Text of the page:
It will take you at least a day to recover from daylight saving
Daylight saving is coming. Body clock scientists tells us that shifting our sleep cycle by one hour will take us at least one day to adjust. Imagine what happens when we socialize for just a few nights every month.
It takes longer than you may imagine for your body to adjust o even the smallest glitch in your circadian rhythm. For example, one night of shift work can throw off your circadian rhythm for an entire week. Cross-country travel may seem benign, but when you have to adjust to a new time zone, you may feel jet-lagged for a few days. For most people, our circadian clock takes almost 1 day to adjust to each hour of time zone shifting; for some people, it can take 2 days per hour of time shift.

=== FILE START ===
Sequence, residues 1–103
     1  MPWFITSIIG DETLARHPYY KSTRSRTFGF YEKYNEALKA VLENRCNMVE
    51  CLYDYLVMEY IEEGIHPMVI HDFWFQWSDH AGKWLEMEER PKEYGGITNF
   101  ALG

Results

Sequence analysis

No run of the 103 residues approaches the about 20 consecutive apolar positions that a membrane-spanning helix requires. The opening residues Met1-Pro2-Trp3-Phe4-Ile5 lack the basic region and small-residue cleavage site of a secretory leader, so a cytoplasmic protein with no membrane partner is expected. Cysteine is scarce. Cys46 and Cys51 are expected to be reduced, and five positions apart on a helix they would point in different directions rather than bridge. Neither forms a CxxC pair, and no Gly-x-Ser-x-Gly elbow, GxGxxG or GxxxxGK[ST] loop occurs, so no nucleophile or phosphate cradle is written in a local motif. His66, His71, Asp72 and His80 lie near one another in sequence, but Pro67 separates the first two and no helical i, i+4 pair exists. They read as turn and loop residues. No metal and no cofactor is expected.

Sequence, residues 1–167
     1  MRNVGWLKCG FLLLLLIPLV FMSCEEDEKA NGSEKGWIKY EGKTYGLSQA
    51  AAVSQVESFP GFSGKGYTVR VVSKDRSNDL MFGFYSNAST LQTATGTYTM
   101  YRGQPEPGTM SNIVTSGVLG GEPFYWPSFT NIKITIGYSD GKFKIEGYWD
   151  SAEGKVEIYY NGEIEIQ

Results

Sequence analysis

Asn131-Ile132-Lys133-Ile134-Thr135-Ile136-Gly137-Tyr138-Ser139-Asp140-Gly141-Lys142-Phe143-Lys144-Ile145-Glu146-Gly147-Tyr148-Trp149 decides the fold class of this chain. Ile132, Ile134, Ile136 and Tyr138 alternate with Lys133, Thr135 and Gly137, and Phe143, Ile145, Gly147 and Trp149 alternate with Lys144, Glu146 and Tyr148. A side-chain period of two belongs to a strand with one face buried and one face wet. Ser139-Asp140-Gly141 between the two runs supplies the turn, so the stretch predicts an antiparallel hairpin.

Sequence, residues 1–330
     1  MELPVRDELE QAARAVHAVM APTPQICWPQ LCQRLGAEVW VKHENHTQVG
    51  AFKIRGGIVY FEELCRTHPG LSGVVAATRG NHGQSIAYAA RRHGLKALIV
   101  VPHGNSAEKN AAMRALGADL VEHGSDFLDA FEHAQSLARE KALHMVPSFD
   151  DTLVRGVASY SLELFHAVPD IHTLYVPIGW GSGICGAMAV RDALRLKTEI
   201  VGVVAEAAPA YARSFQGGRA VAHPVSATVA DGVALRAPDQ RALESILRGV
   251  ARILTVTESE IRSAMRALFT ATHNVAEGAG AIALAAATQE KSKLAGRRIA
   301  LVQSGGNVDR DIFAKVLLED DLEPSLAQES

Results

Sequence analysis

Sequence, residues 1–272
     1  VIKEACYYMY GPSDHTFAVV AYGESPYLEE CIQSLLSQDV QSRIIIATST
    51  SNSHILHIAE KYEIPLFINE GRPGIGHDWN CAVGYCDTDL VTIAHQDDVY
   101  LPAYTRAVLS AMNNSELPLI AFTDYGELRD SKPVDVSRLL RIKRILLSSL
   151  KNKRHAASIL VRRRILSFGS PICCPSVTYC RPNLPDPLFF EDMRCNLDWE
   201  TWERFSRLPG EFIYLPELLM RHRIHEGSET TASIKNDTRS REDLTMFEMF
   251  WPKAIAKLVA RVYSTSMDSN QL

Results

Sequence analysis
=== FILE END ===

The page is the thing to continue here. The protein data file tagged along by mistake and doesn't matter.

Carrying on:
Similarly, when you stay awake for 3 extra hours and delay your breakfast by 3 hours on the weekend, it affects your body in the same way as flying from LA to New York. That’s why partying or staying awake late into the night is the same as flying over a few time zones; hence body clock scientists call this habit “social yet lag”.